Some pets will ever only show symptoms in one part of their body (e.g. ears or feet); others will show them all over their body. Some pets can be very mildly affected (i.e. just a bit more itchy than normal at certain times of the year and perhaps not even requiring treatment); other pets can be very severely affected. Rarely it can get to the point that if the symptoms cannot be controlled and the pet is so uncomfortable and sick that euthanasia may be considered as the only humane option left.
Some breeds are more prone to getting the symptoms in just one location - for example Labradors are very prone to only showing symptoms with their ears, Poodles their feet.
Diagnosing atopy is generally based on clinical signs of skin and/or ear conditions and a history of these signs recurring on several occasions.
it is not possible to say a pet is atopic the very first time it presents with a skin condition - there are many more things that can cause a one-off skin condition in your pet other than atopy. However unless we can find or suspect a specific cause for your pet presenting with a skin condition (such as mange mites, fleas, an under-active thyroid gland or an over active adrenal gland) we will generally warn you that even if we resolve the symptoms it is possible that they will recur - and therefore that atopy is a strong possibility as the underlying cause.
If your pet does get recurrences of skin conditions that fit with certain recognisable patterns, and if we have ruled out infectious causes (such as mites), food allergies (by placing on a special diet for 3 months) and metabolic causes (such as an under-active thyroid), we can in general then make a clinical diagnosis of atopic dermatitis. To help us make this diagnosis we may need to do bloods tests (to rule out other causes of the skin problems) and skin scrapings, swabs and biopsies.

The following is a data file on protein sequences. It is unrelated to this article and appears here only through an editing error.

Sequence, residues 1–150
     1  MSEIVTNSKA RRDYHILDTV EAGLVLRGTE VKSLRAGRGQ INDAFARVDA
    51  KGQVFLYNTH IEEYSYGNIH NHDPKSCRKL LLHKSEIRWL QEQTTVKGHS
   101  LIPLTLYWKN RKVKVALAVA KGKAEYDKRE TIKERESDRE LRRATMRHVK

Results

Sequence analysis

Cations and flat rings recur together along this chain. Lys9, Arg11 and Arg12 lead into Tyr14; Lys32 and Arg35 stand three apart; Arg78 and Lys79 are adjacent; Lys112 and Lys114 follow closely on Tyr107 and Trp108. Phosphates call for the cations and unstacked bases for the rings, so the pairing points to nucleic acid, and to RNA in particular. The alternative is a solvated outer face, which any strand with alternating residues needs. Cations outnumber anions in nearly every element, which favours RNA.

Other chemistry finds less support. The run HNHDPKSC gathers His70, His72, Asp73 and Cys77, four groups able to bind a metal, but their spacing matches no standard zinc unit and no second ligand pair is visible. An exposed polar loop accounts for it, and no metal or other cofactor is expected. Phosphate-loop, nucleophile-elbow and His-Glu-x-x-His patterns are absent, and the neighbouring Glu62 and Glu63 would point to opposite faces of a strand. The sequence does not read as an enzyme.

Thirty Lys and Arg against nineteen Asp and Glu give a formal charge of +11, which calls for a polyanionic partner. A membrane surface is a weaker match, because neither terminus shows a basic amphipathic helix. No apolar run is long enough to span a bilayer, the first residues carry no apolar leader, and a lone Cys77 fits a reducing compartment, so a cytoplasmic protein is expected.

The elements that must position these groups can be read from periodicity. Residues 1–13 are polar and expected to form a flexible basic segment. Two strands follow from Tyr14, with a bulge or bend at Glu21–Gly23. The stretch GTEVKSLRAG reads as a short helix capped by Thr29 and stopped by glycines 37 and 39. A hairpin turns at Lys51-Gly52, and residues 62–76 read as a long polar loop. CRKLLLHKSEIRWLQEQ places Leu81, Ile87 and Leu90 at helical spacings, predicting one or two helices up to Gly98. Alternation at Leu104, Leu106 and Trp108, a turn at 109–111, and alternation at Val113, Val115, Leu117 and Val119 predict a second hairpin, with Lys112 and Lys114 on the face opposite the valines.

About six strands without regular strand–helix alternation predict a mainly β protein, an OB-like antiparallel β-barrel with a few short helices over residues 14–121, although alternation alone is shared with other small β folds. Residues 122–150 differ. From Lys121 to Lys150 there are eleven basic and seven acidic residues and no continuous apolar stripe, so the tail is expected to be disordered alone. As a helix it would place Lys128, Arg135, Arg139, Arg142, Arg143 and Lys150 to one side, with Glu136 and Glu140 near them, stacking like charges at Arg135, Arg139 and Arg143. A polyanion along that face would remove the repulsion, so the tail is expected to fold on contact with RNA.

How severely a pet will be affected is variable and cannot be determined when they first show symptoms. Some will go on to be very mildly affected and may even resolve, others may progressively get worse, others can be very severe from the outset. What we can say is that if your pet is not given the correct treatment they will get worse. It's always better to treat the symptoms early and to keep them from going out of control
At some point blood tests to see what your pet is allergic to may be recommended. This can on the one hand help confirm the diagnosis of atopy and on the other hand can tell us what your pet is allergic to.
The symptoms we see are due to itchy, inflammed and infected skin so treatment involves reducing the itching and inflammation and clearing up any infections that exist.
The allergy itself causes the itching and inflammation. Both the allergic reaction and the trauma from the itching causes damage to the skin surface. When the skin is inflammed and damaged from the itching it becomes infected due to bacteria and yeasts that normally live on the skin without causing a problem getting deep into this inflammed and damaged skin - these are termed 'secondary infections'. These secondary infections cause more itching - often these infections are actually a greater cause of itch that the allergy itself. The itching due to the inflammation and infection causes more damage to the skin causing more infection and inflammation and so they cycle continues. We call this the 'itch-scratch' cycle.